Although petitioner contends that the DFY take-down restraint was appropriate because Lavar's defiant behavior could have caused a disturbance or incited a riot, we note that some of the witnesses stated that Lavar was told by petitioner that if he did not comply with cleaning the baseboards he would be brought to the floor.   After the restraint, Lavar was heard telling petitioner that he would clean the baseboards.   None of the residents in the vicinity of the incident heard petitioner instruct Lavar to move out of the area.   Significantly, petitioner himself, in his statements to Fischer the day after the incident, conceded that he told Lavar that if he did not clean the baseboards, he would be restrained.   When confronted with the discrepancy between his testimony and Fischer's interview notes, petitioner testified that Fischer's interview notes were accurate but explained that because he was nervous during the interview and did not feel that he needed to go into detail, he failed to inform Fischer that he directed Lavar to move.

 Although there is evidence to support petitioner's contention that the restraint occurred because of the refusal on the part of Lavar to move to a less volatile location, the evidence is sufficient to support the findings and conclusions of the ALJ.   It is important to note that it is not within this court's discretion to weigh conflicting testimony and evidence or second guess the credibility determinations made by the administrative fact finder (see, Matter of Berenhaus v. Ward, 70 N.Y.2d 436, 444, 522 N.Y.S.2d 478, 517 N.E.2d 193, supra;  Matter of Riley v. Schles, 185 A.D.2d 437, 437–438, 585 N.Y.S.2d 627).   In addition, to the extent that petitioner contends that the residents' statements were not reliable and were impermissible hearsay, we note that strict compliance with the rules of evidence is not required and such evidence is admissible in an administrative hearing (see, Matter of Robert OO. v. Dowling, 217 A.D.2d 785, 786, 629 N.Y.S.2d 494, affd 87 N.Y.2d 1043, 644 N.Y.S.2d 139, 666 N.E.2d 1052;  Matter of Martin v. Board of Educ. of Yonkers City School Dist., 215 A.D.2d 661, 627 N.Y.S.2d 703).   Furthermore, hearsay evidence can, in the proper case, serve as a substantial basis to support the underlying determination (see, Matter of Robert OO. v. Dowling, supra, at 786, 629 N.Y.S.2d 494).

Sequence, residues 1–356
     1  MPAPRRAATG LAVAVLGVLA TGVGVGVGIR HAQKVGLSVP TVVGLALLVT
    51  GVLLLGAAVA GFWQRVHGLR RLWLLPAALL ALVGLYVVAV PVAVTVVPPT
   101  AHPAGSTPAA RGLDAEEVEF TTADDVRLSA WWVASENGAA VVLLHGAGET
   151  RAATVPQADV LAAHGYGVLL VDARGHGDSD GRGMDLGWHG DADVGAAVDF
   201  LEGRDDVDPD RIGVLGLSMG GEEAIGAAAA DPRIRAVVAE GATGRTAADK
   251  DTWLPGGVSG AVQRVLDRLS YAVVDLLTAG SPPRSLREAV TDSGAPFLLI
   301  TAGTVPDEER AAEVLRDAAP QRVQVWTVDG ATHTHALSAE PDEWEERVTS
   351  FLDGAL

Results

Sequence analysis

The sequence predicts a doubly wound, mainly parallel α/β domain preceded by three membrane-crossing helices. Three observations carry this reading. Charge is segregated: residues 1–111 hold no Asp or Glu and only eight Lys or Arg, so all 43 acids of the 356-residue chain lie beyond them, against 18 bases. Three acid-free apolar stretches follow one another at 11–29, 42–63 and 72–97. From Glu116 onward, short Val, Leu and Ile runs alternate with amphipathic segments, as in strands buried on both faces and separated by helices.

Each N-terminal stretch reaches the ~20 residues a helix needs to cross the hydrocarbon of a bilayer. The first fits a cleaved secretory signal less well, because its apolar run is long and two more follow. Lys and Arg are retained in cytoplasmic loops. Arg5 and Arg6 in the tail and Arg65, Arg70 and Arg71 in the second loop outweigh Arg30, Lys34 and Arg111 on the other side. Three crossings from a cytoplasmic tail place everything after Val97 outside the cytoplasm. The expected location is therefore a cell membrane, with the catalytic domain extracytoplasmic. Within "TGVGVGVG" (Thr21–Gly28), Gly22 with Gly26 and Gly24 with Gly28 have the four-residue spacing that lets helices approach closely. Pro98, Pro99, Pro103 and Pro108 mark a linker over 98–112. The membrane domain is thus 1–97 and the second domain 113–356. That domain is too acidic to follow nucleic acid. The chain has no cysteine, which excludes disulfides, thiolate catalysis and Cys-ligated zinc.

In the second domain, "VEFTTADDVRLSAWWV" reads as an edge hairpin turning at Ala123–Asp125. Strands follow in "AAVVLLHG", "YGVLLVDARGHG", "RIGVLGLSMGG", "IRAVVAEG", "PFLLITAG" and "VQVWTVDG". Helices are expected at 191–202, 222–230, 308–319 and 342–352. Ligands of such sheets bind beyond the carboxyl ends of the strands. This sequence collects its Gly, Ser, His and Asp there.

Finally, even accepting petitioner's argument that the decision from the first ALJ was improperly placed into evidence as beyond the scope of the stipulation, we find no reason to annul the determination under review.   The ALJ in the second proceeding specifically stated that he only accepted the prior decision because he considered it to be part of the record and did not consider it “to be additional evidence in support of [DSS'] determination”.   Significantly, petitioner fails to assert how he was prejudiced by the admission of the prior decision and our review of the record reveals no evidence of impropriety.

ADJUDGED that the determination is confirmed, without costs, and petition dismissed.


2.   Fictitious name.

CARDONA, Presiding Justice.